By Michele S. Byers
If you’re like me, you may have a case of “weather whiplash” from the wildly fluctuating temperatures.
New Jersey’s long stretch of mild weather ended abruptly when the polar vortex moved southward and caused the mercury to plunge. Brrrr … a blast of January in November. But by the time you read this, New Jersey could swing back to unseasonable warmth … or not.
Although our weather is highly variable, one thing remains constant: the tremendous benefits of spending time outside in nature. Studies show that being outdoors in any season makes people feel better, both physically and psychologically.
Getting outside is especially important this time of year, when shorter daylight hours can cause Seasonal Affective Disorder (SAD), also known as the winter blues. A regular dose of what author Richard Louv calls Vitamin N – nature – decreases depression, boosts feelings of well-being and even improves the ability to focus.
Combining nature with exercise is a no-brainer, since exercise provides a myriad of benefits, from stronger muscles to lower blood pressure to better sleep at night.
As fall turns into winter, do yourself a favor and walk and hike outside whenever you can. Visit parks and nature preserves where you can stretch your muscles while checking out the wildlife and scenic views. Destinations with trails along waterways – lakes, reservoirs, rivers, bays, marshes and the ocean – are especially beautiful and interesting.
Here are a few favorites:
In northern New Jersey, the Great Swamp National Wildlife Refuge in Morris and Somerset counties is a prime spot for viewing waterfowl and hawks, and seeing creatures like foxes and deer. Try the refuge’s wildlife observation center, where you can walk on 1.2 miles of boardwalk trails and stop at three observation blinds. Somerset County’s Environmental Education Center also has a mile of boardwalk through the swamp, as well as a fabulous interpretive center.
Strolling along the Hudson River is always invigorating, with views of both wildlife and the New York City skyline. The riverside trail at Palisades Interstate Park in Bergen County is fantastic, as are the trails at Liberty State Park in Hudson County. You may even spot a snowy owl … they’ve been seen at Liberty State Park during previous winters.
Did you know that seals migrate from New England to New Jersey for the winter in search of a steady food supply? One great place to watch them is at the Sandy Hook section of Gateway National Recreation Area. It’s a pretty walk along the bay side at low tide to see where the seals “haul out” on tiny Skeleton Hill Island. Be sure to bring binoculars for the best views.
Boardwalks along the ocean are not just for people-watching in summer. Stroll along any Jersey Shore boardwalk in winter and keep an eye on the ocean. In addition to the soothing views of waves, you may see northern gannets plunging from the sky, loons diving and maybe even a passing humpback whale.
New Jersey’s water supply reservoirs also make great places to hike and look for birds, including waterfowl and raptors like bald eagles. Check out the waterside trails at the Merrill Creek Reservoir in Warren County, Round Valley Reservoir in Hunterdon County, and the Manasquan Reservoir in Monmouth County.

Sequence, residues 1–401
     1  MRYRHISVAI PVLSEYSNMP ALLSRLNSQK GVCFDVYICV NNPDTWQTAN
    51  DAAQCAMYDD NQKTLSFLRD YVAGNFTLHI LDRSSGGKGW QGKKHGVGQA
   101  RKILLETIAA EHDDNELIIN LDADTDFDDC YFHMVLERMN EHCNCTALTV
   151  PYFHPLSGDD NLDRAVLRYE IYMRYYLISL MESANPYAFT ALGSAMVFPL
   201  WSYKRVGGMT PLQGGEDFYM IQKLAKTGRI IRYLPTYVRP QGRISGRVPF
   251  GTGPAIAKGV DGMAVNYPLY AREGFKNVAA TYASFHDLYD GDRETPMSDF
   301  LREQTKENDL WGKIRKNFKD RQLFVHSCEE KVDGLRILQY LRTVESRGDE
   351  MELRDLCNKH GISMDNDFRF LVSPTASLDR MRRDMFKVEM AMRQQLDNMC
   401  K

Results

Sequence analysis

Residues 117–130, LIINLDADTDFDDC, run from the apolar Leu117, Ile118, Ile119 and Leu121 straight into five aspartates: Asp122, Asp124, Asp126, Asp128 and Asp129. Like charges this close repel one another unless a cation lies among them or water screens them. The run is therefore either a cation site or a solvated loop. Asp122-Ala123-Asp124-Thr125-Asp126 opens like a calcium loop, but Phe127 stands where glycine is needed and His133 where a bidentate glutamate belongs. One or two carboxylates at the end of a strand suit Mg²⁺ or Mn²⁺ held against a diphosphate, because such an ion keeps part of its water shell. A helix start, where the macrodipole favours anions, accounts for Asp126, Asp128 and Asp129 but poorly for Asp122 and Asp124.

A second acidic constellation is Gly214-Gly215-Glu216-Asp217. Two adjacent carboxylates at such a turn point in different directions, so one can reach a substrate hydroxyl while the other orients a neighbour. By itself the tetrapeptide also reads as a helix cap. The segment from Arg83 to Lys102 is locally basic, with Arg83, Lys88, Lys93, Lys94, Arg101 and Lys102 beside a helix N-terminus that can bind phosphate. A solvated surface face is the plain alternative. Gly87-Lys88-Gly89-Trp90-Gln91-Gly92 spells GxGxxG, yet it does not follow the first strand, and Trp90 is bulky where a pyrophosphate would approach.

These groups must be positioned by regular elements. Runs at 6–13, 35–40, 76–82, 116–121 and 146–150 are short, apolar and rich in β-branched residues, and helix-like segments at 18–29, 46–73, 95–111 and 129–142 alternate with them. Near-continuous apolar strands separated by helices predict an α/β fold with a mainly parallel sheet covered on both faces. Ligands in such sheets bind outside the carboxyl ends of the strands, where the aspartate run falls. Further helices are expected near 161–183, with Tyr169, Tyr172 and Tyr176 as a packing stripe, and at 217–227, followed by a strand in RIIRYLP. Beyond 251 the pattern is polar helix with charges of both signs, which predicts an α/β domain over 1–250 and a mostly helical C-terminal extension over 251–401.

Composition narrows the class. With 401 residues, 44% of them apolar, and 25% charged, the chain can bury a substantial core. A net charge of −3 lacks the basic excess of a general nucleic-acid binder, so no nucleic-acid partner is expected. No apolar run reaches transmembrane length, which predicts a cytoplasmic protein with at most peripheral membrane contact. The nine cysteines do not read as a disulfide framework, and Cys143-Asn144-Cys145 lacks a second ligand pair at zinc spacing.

New Jersey’s Pine Barrens offer many fantastic places to hike in winter. The Franklin Parker Preserve in Burlington County has trails along the reservoirs, where you may spot tundra swans wintering here from the arctic. Rancocas State Park in Burlington County offers trails with beautiful views of the Rancocas Creek and great wildlife viewing.
Cape May is a pleasure in all seasons, and is a great place for winter walks and hikes. The trails at Cape May Point State Park offer scenic views of marshes and ponds, as do The Nature Conservancy’s South Cape May Meadows preserve.
These are only a few. New Jersey has so many wonderful parks, preserves and recreation areas, it would be impossible to list them all!
Wherever you go this winter, make sure you’re prepared – especially if you’re planning a longer hike through the woods. Here are some tips from the New York-New Jersey Trail Conference:
- Dress in layers. Wear moisture-wicking long underwear; a warm, insulating middle layer; and a windproof, waterproof outer layer, and a warm hat that covers your ears. Good hiking boots are a must, as well as “smart” wool socks to keep your feet warm and dry.
- Plan ahead, keeping in mind that you have fewer hours of daylight. If there’s snow or ice on the ground, the same trail that can be hiked quickly and easily in summer could take a lot longer. Allow plenty of time to get back before dark.
- Pack safety gear for hikes in remote places. Bring a printed trail map, basic first aid kit, compass, pocket knife or multi-tool, hand warming packets, matches or lighter, whistle, extra snacks, and a headlamp. If it’s really cold out, put hot water, tea, coffee or cocoa in a thermos, since water in an uninsulated bottle can freeze.
Find great places to hike this winter by visiting the New York-New Jersey Trail Conference website at www.nynjtc.org, the New Jersey Trails Association at www.njtrails.org, or New Jersey Conservation Foundation’s trail locator map at http://njconservation.org/recreation.htm.
Michele S. Byers is the executive director of the New Jersey Conservation Foundation in Morristown.